It is has been said the NFL stands for the “No Fun League” rather than the National Football League for its suppression of individual expression. The less than flattering moniker might not be too far off from the truth.
However, some may say the NFL front office dropped the proverbial ball when they asked Denver Broncos quarterback Jake Plummer to remove a sticker affixed to his helmet honoring the late Pat Tillman.
The sticker, a circle bearing the former Arizona Cardinal safety’s uniform number was worn by every NFL player last season. Tillman was killed during an exchange of friendly fire in April serving as an Army Ranger in Afghanistan after quitting professional football.
Plummer and Tillman were teammates in college at Arizona State and for the Arizona Cardinals.
NFL players are subject to some of the most rigorous uniform constraints in all of sports. Players must wear their socks at an appropriate length. Their pants must be worn so their knees are covered. They must only wear equipment that is licensed by the league.
These are just a few of the rules that, according to the NFL, must be adhered to. Violators face fines.
The Philadelphia Flyers, a team steeped in playoff and personal tragedy have worn tributes in various forms to fallen players. When standout goalie Pelle Lindbergh was killed in an automobile accident in 1985, players wore his number 31 stitched on their orange and black sweaters. More recently after promising defenseman Dimitri Tertyshny was killed in a boating accident, the team wore stickers not unlike those in tribute to Tillman.
The Phillies wore a patch this season honoring former General Manager Paul “Pope” Owens and former closer Tug McGraw. Both had been fighting long illnesses.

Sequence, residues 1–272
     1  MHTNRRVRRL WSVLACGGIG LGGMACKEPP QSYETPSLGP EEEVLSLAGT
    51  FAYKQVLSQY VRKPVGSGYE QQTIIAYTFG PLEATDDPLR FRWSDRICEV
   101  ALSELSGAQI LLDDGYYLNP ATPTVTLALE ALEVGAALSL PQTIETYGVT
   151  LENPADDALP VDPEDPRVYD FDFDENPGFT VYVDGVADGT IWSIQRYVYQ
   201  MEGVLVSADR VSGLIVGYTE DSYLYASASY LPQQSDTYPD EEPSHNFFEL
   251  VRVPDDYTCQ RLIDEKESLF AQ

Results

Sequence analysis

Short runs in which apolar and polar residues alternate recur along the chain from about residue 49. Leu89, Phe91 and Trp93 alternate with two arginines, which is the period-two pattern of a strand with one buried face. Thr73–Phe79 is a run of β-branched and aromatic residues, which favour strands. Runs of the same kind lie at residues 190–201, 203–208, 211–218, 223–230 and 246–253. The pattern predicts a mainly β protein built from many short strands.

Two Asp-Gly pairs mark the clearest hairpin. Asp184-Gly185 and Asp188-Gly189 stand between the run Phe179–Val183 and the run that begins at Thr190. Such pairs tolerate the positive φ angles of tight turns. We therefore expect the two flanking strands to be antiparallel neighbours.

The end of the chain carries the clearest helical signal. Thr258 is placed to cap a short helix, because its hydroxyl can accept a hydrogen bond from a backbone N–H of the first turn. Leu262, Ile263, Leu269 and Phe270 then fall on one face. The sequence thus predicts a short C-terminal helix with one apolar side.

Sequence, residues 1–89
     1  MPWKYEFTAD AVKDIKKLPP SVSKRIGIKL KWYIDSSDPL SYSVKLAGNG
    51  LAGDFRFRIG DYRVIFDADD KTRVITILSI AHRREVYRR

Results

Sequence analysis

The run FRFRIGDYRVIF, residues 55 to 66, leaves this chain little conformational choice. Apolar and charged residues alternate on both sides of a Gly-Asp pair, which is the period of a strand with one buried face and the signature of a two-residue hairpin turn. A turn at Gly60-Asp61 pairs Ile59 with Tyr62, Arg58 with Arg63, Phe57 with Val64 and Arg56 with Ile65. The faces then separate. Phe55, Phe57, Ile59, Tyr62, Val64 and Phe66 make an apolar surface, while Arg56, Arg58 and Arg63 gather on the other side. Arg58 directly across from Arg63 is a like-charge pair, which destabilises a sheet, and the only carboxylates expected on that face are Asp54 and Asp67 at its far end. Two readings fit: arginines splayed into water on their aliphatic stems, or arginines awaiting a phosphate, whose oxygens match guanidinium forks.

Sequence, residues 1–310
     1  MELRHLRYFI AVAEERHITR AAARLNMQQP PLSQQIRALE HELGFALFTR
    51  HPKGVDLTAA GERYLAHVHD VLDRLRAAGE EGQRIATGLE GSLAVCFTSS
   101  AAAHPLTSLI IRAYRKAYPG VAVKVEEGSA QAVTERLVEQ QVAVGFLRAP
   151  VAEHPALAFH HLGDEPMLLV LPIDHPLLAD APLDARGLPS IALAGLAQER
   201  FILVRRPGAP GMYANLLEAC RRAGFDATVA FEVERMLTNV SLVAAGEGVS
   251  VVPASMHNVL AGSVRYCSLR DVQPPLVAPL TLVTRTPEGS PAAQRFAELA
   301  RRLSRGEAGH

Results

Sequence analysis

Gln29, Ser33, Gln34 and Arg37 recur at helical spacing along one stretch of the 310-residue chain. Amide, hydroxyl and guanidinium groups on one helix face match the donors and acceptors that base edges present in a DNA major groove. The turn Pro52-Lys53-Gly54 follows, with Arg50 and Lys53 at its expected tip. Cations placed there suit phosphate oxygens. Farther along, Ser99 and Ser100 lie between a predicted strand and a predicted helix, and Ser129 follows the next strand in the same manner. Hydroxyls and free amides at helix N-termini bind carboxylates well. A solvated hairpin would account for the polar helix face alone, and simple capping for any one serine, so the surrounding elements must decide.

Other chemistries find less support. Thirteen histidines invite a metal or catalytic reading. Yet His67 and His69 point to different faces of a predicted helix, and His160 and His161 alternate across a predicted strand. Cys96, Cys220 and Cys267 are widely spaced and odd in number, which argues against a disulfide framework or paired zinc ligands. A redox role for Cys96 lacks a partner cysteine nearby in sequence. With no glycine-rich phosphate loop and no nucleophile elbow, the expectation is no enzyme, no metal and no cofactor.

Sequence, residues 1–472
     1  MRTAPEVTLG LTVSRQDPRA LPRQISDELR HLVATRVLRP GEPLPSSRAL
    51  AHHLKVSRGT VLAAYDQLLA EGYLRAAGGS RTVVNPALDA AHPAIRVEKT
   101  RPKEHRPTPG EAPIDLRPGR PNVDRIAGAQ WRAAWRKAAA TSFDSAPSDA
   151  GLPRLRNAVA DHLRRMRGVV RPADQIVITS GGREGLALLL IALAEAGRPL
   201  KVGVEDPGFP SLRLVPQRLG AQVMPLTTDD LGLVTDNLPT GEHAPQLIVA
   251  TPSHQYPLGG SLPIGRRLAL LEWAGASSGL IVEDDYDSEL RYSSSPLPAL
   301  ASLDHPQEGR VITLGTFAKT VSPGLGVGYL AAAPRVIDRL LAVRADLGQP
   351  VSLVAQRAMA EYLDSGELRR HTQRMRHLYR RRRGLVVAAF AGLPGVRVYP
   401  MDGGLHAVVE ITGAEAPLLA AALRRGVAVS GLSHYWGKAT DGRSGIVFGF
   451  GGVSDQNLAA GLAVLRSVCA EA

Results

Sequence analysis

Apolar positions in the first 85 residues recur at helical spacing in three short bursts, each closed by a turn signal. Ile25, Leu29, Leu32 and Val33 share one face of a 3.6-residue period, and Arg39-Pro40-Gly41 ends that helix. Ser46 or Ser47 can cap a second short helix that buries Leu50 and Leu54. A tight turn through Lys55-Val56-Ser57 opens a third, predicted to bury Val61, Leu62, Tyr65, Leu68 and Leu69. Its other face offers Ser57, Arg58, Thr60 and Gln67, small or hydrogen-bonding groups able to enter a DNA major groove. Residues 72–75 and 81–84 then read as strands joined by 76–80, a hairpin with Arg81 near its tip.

The argument may be made that if the league makes an exception for Plummer, then other players might feel their right of freedom of expression is being withheld. The NFL sees it as regulating what might happen if uniform rules are eased.
What if Donovan McNabb decides he wants to put a Chunky Soup sticker on his helmet?
What if Jeremy Roenick wants to stitch a Toyota patch on his jersey?
What if Allen Iverson wants to honor a fallen friend with an embroidered arm band?
They’re called “uniforms” for a reason. Always the same; unvarying. Conforming to one principle, standard or rule; consistent
It’s one thing to honor a player’s memory as a team or league, but individual tributes need to be kept personal.
Don’t be mistaken, Jake Plummer’s intentions are good. He wants to honor is fallen friend. It’s something that could be accomplished by taking a sharpie pen to the tape on his hands or liner of his helmet.
Some may say the NFL may be overstepping its bounds by regulating a little piece of vinyl. Some may say it’s insensitive and is unpatriotic.
However, in the case of Plummer, there is a time to pick up and move on.